All too often, talks about digital transformation relate to companies that have been digital from the beginning, Spark New Zealand’s Lena Jenkins observes. “What we don’t often hear about as much is transforming a business that has been around for a long, long time,” said the customer transformation delivery manager. So how does one take a traditional legacy company resistant to change, albeit in the business of technology, and turn it digital?
The Board of Xero has appointed Steve Vamos as CEO to succeed Rod Drury effective next month. Vamos is currently a non-executive director of Telstra and Fletcher Building and is a member of the advisory board of the University of Technology Sydney Business School. Vamos has worked as CEO of Microsoft Australia (2003-2006), managing director of Apple Computer Australia and New Zealand (1994-1995) and has held various professional roles at IBM in 1979 to 1994.
“Whatever industry you are in, whatever organisation you have, whatever it is your business does, you are in the business of technology,” says global futurist Chris Riddell. “We are all now in the business of technology.”Different businesses have different structures, he points out. But he says all of the organisations he has worked with make sure they create IT departments that are ‘rock stars’. “Amplify the capability, the talent of your technology department,” he states.
Muck Rack makes it simple to find people, tweets, or articles that mention any name, keyword, company, hashtag etc. We've compiled this guide to help you make the most of your search.
Selecting a term
Start searching tweets, articles from media outlets, articles mentioned in tweets, journalists'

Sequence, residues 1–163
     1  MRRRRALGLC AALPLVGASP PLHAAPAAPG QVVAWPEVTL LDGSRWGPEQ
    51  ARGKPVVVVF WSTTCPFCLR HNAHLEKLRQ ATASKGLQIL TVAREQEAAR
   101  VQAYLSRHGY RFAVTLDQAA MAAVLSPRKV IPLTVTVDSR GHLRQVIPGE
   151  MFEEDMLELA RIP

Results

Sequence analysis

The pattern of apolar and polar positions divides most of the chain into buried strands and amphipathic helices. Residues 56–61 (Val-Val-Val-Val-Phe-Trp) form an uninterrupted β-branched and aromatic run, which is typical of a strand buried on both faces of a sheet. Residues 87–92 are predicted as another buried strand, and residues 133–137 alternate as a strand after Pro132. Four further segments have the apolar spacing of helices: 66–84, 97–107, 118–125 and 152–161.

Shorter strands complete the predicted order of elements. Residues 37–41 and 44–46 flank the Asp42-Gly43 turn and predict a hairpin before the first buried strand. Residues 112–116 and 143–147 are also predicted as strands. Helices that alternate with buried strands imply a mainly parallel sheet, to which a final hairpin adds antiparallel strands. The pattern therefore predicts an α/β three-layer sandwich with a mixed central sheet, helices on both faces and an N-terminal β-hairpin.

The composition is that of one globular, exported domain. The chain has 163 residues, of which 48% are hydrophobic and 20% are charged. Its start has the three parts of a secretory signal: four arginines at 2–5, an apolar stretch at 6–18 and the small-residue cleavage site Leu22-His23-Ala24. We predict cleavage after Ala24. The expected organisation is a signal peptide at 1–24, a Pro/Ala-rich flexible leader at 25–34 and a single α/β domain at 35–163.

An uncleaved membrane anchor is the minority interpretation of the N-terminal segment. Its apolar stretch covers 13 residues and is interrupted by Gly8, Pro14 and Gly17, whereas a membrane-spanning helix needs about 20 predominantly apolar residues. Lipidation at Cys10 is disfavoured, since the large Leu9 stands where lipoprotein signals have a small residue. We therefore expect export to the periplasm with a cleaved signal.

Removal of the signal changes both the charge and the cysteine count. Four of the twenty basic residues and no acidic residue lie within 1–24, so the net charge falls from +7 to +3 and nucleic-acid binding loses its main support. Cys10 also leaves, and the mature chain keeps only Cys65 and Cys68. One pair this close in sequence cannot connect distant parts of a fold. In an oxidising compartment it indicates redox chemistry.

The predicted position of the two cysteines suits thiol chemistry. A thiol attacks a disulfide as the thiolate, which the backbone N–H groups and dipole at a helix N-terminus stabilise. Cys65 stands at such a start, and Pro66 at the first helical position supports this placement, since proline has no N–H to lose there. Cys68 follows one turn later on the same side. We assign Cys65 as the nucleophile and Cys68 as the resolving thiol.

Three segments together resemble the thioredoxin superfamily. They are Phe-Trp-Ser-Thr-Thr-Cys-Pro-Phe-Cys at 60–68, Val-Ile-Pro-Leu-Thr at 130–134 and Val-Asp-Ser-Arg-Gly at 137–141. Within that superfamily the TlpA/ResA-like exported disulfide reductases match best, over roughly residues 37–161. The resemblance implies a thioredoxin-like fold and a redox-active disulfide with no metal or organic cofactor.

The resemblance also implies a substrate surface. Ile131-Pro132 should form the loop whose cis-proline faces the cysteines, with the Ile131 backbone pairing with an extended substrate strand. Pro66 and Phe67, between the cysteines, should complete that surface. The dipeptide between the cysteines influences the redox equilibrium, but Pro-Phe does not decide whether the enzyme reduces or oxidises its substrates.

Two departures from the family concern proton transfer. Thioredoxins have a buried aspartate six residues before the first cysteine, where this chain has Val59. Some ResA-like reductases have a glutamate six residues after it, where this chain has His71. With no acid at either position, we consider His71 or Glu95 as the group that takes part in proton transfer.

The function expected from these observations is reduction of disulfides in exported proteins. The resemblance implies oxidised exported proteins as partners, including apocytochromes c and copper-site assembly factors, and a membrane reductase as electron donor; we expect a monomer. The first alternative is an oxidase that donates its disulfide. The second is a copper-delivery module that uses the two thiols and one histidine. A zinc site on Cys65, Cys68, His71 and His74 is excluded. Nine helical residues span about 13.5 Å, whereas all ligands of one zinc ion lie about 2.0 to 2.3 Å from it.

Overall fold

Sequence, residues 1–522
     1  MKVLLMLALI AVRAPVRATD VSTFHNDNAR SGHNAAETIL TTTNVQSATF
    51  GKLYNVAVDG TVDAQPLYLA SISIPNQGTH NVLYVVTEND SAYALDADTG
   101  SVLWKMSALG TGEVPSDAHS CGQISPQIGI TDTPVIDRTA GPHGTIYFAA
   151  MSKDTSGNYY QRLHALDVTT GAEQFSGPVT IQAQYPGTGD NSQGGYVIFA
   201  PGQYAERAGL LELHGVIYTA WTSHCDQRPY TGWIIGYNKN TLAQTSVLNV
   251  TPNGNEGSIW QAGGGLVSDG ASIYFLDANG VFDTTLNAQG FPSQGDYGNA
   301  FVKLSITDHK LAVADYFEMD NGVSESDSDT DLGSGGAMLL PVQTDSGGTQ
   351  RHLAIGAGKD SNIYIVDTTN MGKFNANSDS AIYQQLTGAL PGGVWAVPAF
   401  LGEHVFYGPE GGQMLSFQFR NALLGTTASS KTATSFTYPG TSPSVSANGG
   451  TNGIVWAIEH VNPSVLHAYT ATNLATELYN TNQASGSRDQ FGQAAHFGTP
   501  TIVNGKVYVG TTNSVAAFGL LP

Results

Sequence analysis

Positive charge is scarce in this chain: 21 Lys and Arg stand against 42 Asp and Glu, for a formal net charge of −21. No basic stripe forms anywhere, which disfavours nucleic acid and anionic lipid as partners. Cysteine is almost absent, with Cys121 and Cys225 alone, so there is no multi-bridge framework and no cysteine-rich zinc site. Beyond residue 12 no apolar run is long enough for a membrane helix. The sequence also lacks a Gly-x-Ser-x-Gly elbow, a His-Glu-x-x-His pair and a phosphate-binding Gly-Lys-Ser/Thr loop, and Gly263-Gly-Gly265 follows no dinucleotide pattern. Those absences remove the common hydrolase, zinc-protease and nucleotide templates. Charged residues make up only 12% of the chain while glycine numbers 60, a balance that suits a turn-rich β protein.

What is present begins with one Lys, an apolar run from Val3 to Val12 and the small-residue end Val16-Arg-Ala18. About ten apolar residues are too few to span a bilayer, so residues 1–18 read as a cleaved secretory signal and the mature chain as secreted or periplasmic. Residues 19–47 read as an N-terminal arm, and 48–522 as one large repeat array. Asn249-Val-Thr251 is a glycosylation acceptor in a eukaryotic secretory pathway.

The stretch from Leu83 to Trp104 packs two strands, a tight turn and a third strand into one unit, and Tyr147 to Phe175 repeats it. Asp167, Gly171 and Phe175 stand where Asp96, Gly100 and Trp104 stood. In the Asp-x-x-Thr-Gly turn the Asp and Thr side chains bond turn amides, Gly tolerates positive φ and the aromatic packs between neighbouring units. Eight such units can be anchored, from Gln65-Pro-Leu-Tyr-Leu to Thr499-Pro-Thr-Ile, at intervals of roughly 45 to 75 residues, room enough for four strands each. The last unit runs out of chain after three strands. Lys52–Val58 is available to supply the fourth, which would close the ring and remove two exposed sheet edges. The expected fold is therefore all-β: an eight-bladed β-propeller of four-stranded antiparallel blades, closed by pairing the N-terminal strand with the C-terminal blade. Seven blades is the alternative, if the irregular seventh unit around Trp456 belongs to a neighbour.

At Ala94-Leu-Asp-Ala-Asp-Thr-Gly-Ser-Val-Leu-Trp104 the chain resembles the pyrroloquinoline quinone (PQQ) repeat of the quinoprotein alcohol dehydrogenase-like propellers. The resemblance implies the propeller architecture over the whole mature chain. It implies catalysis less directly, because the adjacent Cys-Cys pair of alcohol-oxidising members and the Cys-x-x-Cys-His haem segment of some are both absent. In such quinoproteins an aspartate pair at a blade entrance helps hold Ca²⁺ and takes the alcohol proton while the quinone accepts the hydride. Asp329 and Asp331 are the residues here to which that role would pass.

names, titles and bios with some suggested searches:
Companies or Topics (e.g. iPhone, Microsoft)
Phrases (e.g. "cloud computing") — use quotes to keep the terms together
Twitter handles (e.g. @username) — returns those who have mentioned or replied to
Names (e.g. "David Pogue")
Hashtags (e.g. #sxsw, #london2012)
Bio details (e.g. vegan, Olympics, father)
Muck Rack's Advanced Search allows for many boolean operators.
Find results that mention multiple specified terms, use AND or
+. For example, ensure each result contains both Elon Musk and Mark Zuckerberg by
searching Musk AND Zuckerberg or Musk + Zuckerberg.
Use the operators OR or , to broaden your search when you'd like either of
multiple terms to appear in results. (This is the default behavior of our search when no operators
are used). For example, results will contain either cake or cookie by searching cake OR cookie or cake,cookie
Use NOT or - to subtract results from your search. For
example, searching Disney will yield results about the Walt Disney Company as well as Walt Disney
World Resort. To exclude mentions of Disney World, search for Disney -World or Disney
When using one of these operators with a phrase, enclose it in quotation marks. For example, you can
find results about smartphones excluding Apple's iPhone 4S by searching smartphone -"iPhone
Exact case matching or punctuation
If you're searching for a brand name or keyword that relies on specific punctuation marks or capitalization, you can
find results that match your exact query by adding matchcase: before the keyword you're searching for, like matchcase:E*TRADE .
Use parentheses to separate multiple
boolean phrases. For example, to find journalists talking about having fun in Disney World or
Disneyland, search for ("disney world" OR disneyland) AND fun.
An asterisk can be used to search for any variation of a root word truncated by the asterisk. For example, searching for admin* will return results for administrator, administration, administer, administered, etc.
A near operator is an AND operator where you can control the distance between the words. You can vary the distance the near operation uses by adding a forward slash and number (between 0-99) such as strawberries NEAR/10 "whipped cream", which means the strawberries must exist within 10 words of "whipped cream".